Monday, January 21, 2013

Running preggers

There isn't a lot of information out there about running during pregnancy. Most pregnancy books dodge the subject by saying, "Talk with your doctor to see what's right for you." Some people say running diverts the blood away from the baby and to your legs. Some say all the bouncing and shock is bad for baby and your increasingly delicate ligaments and joints. Some say your bones are at risk because baby saps all the calcium. Some say running is simply too strenuous.

When I was pregnant with Bruce and Phoebe, I had an awesome doctor that capped me at 20 minutes of running per day. I was just fine with this. My view is that 1) pregnancy is all about getting a baby at the end rather than a PR so I should put away my somewhat selfish desires anyway, 2) it allows me time to strengthen and stretch, 3) it's nice to slow down and enjoy running just for the joy of running instead of constantly training toward some goal race, and 4) while I will lose some fitness, I will at least retain the comforting routine of running.

In both Bruce and Phoebe's pregnancies, I ran up until a day or two before I was put in the hospital at 33 and 34 weeks. Both came early, both by emergency C-section. I was afraid that their early births would flag me this time around as too high-risk for running. This time, I have a different doctor because I have a different insurance plan that doesn't cover my old doctor. My new doc is awesome though; I'm excited to work with her. Because the prematurity was not caused or related to running, my current doc is just fine with my keeping up the running habit.

When I asked my doctor about running, she said as long as I'm not starting anything new (judging from my heart rate of 46 in the office, they believed me when I said I was a runner) and I feel good then I can keep going. If I am short of breath, I have to stop. If I feel pain or tightening, I have to stop. If I bleed, stop. If it's too icy or too cold (which she defined as below 10 degrees), don't go. Got it. As long as I keep gaining weight consistently, I can keep going (so far, I have absolutely nooooo problem with that).

Running during the first trimester went well, all things considered. I wasn't going to my track club's workouts because I was still recovering my stupid hip injury. In fact, I only did one track workout to test out my hip: I did 4 x 400 solo at 4 weeks running 76-81 seconds each lap. I ran by the drug store on my cooldown and picked up a pregnancy test because I had my suspicions. The next morning, it was confirmed: no more workouts.

I made it for eight weeks without telling my running partner (meaning I could still keep up with her!), then I finally told her because I thought for sure she would see how my tights were getting tighter already and how I was all the sudden top-heavy whereas I used to be more pancake-like. It's hard to hide in spandex. She claimed I wasn't as lumpy as I thought (you're so nice, Anna), but I felt clunky and chunky nonetheless.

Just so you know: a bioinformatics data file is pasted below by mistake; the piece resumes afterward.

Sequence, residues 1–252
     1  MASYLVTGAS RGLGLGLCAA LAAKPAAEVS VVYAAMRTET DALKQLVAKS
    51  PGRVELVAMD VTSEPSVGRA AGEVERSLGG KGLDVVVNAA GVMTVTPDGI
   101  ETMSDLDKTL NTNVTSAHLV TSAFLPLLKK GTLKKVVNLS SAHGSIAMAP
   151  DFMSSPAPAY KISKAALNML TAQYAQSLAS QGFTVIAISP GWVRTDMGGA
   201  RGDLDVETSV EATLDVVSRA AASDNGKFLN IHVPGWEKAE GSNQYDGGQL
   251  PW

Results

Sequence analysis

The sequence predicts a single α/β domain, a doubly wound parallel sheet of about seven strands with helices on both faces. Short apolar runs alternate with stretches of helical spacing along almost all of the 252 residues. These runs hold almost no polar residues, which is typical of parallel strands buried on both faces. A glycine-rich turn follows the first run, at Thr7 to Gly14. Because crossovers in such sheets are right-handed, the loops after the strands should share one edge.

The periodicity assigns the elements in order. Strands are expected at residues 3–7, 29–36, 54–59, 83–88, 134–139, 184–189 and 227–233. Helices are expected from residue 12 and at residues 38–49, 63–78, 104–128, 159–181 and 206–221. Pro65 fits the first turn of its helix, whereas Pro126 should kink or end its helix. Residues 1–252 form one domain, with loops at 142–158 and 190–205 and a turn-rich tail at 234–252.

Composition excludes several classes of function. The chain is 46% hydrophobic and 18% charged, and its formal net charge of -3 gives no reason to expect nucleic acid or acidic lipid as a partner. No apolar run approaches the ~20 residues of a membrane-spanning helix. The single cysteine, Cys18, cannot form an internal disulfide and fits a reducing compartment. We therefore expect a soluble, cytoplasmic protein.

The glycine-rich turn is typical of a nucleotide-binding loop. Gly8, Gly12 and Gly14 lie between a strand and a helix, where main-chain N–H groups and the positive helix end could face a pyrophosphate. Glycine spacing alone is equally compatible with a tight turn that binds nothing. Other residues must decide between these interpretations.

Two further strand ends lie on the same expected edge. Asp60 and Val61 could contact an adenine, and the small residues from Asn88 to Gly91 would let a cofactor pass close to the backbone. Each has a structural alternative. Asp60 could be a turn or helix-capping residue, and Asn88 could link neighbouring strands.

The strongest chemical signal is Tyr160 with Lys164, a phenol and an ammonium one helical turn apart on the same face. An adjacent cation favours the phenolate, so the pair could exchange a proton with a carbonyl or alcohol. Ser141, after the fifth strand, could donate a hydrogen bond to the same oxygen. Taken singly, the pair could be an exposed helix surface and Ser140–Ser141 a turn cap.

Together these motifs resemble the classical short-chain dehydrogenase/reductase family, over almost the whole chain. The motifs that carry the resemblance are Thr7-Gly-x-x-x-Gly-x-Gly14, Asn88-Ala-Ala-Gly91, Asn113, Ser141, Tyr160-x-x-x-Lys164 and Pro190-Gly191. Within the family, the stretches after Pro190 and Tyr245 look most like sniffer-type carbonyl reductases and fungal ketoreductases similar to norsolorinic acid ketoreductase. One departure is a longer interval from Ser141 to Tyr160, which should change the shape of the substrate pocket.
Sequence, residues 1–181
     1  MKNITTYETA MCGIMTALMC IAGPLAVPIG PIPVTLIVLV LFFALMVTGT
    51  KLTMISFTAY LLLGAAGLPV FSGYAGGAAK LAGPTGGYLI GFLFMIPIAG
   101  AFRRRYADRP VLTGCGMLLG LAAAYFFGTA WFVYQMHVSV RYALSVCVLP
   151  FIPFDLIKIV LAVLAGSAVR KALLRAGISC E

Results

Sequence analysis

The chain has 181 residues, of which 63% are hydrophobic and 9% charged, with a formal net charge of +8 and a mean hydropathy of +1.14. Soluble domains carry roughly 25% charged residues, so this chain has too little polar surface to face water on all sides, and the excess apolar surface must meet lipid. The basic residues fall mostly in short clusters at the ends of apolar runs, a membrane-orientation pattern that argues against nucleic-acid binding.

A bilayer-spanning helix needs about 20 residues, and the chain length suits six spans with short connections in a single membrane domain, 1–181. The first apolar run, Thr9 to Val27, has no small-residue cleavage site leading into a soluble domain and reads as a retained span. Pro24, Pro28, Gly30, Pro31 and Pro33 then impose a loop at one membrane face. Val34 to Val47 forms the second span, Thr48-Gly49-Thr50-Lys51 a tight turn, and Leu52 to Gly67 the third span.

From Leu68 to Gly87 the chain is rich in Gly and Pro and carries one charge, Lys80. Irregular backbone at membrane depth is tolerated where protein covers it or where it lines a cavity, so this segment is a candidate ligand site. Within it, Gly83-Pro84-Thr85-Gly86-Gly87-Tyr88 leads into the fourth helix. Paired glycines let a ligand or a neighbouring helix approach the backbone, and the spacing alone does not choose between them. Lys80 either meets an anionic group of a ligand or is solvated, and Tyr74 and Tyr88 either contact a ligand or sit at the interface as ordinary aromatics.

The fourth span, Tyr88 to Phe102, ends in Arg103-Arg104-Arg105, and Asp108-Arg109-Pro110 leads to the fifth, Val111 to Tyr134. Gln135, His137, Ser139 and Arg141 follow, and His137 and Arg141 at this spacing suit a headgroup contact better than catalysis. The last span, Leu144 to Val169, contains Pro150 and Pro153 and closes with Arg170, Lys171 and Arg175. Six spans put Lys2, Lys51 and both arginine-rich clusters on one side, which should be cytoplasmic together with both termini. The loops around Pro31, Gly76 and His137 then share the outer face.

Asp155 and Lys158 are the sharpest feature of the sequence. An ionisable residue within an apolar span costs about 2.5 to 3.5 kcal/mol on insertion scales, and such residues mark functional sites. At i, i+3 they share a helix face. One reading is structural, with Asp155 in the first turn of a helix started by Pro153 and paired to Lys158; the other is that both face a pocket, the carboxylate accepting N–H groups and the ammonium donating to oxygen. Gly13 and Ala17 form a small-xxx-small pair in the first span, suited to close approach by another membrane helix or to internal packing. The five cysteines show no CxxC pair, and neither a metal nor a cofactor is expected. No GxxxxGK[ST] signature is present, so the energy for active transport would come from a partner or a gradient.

Clunky and chunky, but never out of breath or painful. Between weeks 8-12, I missed 4 or 5 morning runs mostly from exhaustion. For the past few months, my run has fit in the 5:15-6 a.m. window. There were a few mornings where nothing could get me out of bed at 5:04. I have a treadmill, so I could have run a little later, but I usually lazed about until 6:30 or 7 when the kids dragged me out of bed, then felt lousy and almost instantly nauseated. Then I really didn't feel like running. Indeed, the days I didn't run were the ones I felt the nastiest. Most of the time, though, I felt like I could outrun the nausea if I got up early and got it done before the Wave of Nausea hit around 10 a.m. and resurfaced again and again throughout the day.

I am lucky enough to not get super-sick early in pregnancy; I don't spend my mornings hovering over the toilet like a lot of pregnant women. I just feel like I could throw up, so I sip my ginger ale and nibble at crackers and hang in there. I am also lucky enough to be able to get a nap most days. Phoebe is still napping 1.5-3 hours most days, and Miss J naps at the same time so I've been sneaking in some Zs. This is a luxury I didn't have when I was pregnant with Bruce or Phoebe as I was still working, and it has been a lifesaver some days.

I think the best rule of thumb regarding running during pregnancy is the cliche "listen to your body" phrase that so many runners roll their eyes at with the addition of "listen to your doctor." Listening to my body meant running five miles at 8.5-minute-per-mile pace on Saturday, enjoying the views of the Charles River and letting the fresh air fill my lungs. Today it meant three miles at 10-minute pace, feeling a little nauseated at 5:30 but not pained or tight. As for listening to my doctor, so far so good. If she tells me to stop in a few weeks, I will. It might take me a little longer to return to fitness postpartum, but I will be back.

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Blogger Amelia Landberg said...

Emily, it's a treat to read this...thank you so much for sharing. Seeing you come back after Phoebe - I know that you will indeed be back! It's so good to learn from you about this oft-dodged subject. Great perspective. Please keep it up. Oh, and I miss you, a lot.


11:37 AM  
Blogger Eisha said...

CONGRATS on #3!!

8:20 PM  

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